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So far, our visual and algebraic solving of balance puzzles has primarily involved two types of shapes, or variables. Over the next several questions, we will extend our thinking to three or more quantities.

If a circle has a weight of 4, what is the weight of a triangle?

As in previous balance puzzles, we want to know how to convert a set of a balance scales into a series of algebraic equations.

Let's revisit the last problem, and write equations to represent the balance scales.

If squares are \(x,\) triangles are \(y,\) and circles are \(z,\) then we get this system of equations: \[\begin{align} x + y &= z \\ 2y &= 2x + z \\3x &= y. \end{align}\]

What is the weight of a circle?

What is the weight of one triangle?

As we saw in the previous problem, sometimes it is not possible to actually solve for unknown values in balance puzzles or equations. In these cases, we are able to see relationships between variables, such as the fact that two circles are equivalent to a square, but not actually determine the weight, or value, of each.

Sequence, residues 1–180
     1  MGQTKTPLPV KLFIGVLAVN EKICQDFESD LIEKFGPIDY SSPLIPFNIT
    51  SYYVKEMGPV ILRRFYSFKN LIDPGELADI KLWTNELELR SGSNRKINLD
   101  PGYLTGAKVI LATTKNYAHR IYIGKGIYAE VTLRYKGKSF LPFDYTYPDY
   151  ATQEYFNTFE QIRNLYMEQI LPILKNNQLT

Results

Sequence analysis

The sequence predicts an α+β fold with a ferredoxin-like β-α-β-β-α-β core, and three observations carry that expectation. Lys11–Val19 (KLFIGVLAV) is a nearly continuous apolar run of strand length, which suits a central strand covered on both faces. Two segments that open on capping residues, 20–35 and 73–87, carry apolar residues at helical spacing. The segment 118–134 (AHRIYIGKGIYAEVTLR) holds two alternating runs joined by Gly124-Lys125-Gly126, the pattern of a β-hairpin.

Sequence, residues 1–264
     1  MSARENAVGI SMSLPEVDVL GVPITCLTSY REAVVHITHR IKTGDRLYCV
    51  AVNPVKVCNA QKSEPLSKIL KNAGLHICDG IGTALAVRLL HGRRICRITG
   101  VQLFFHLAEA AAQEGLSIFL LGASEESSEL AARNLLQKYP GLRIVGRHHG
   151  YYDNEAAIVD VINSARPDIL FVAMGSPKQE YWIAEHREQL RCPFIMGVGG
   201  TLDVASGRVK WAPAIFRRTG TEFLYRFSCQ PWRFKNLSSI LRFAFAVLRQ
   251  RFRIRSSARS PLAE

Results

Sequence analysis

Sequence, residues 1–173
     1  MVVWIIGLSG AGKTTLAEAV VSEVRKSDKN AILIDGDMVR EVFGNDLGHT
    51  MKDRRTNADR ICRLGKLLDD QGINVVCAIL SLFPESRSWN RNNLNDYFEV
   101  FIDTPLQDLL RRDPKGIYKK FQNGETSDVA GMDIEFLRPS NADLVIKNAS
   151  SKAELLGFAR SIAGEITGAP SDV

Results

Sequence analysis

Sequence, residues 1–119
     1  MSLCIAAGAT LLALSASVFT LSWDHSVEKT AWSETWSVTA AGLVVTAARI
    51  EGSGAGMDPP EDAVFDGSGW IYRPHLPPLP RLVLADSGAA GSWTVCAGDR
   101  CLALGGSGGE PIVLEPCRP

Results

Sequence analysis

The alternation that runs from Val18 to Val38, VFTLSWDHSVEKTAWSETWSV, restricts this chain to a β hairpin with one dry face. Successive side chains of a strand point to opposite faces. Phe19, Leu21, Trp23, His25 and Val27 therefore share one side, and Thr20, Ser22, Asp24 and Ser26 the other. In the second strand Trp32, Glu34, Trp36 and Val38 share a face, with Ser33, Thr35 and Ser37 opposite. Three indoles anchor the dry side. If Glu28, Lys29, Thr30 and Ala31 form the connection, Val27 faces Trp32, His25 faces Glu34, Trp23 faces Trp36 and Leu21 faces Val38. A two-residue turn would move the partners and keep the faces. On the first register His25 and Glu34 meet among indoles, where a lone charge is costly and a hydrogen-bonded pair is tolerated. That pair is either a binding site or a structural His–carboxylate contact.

The previous problem is shown below. Notice that we do not know any weights for various shapes or combinations of shapes. Therefore, we are only able to determine relationships between shapes, not actual weights of individual shapes.

Here is another example of a system of equations that we cannot solve because we do not have enough information: \[\begin{align} 2x + y + z &= 8 \\ y - z &= 2. \end{align} \] We can only eliminate either \(y\) or \(z\) from the system, leaving us with many options for the values of the two remaining variables.

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